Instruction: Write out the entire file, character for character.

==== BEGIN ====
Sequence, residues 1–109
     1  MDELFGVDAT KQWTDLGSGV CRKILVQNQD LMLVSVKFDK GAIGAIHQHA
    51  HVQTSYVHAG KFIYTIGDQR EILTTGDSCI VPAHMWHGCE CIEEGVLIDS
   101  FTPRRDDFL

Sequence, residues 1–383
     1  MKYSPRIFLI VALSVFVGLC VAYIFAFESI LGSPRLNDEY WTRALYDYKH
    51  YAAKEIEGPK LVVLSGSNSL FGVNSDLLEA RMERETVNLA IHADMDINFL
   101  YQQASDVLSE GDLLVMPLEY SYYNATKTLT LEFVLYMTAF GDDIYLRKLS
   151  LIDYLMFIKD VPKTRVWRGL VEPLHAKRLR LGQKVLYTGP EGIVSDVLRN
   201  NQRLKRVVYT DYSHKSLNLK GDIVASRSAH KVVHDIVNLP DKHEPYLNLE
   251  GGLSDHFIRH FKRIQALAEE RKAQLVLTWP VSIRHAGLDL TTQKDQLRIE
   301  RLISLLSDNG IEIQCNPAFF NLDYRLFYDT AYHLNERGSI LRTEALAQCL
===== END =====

Sequence, residues 1–109
     1  MDELFGVDAT KQWTDLGSGV CRKILVQNQD LMLVSVKFDK GAIGAIHQHA
    51  HVQTSYVHAG KFIYTIGDQR EILTTGDSCI VPAHMWHGCE CIEEGVLIDS
   101  FTPRRDDFL

Sequence, residues 1–383
     1  MKYSPRIFLI VALSVFVGLC VAYIFAFESI LGSPRLNDEY WTRALYDYKH
    51  YAAKEIEGPK LVVLSGSNSL FGVNSDLLEA RMERETVNLA IHADMDINFL
   101  YQQASDVLSE GDLLVMPLEY SYYNATKTLT LEFVLYMTAF GDDIYLRKLS
   151  LIDYLMFIKD VPKTRVWRGL VEPLHAKRLR LGQKVLYTGP EGIVSDVLRN
   201  NQRLKRVVYT DYSHKSLNLK GDIVASRSAH KVVHDIVNLP DKHEPYLNLE
   251  GGLSDHFIRH FKRIQALAEE RKAQLVLTWP VSIRHAGLDL TTQKDQLRIE
   301  RLISLLSDNG IEIQCNPAFF NLDYRLFYDT AYHLNERGSI LRTEALAQCL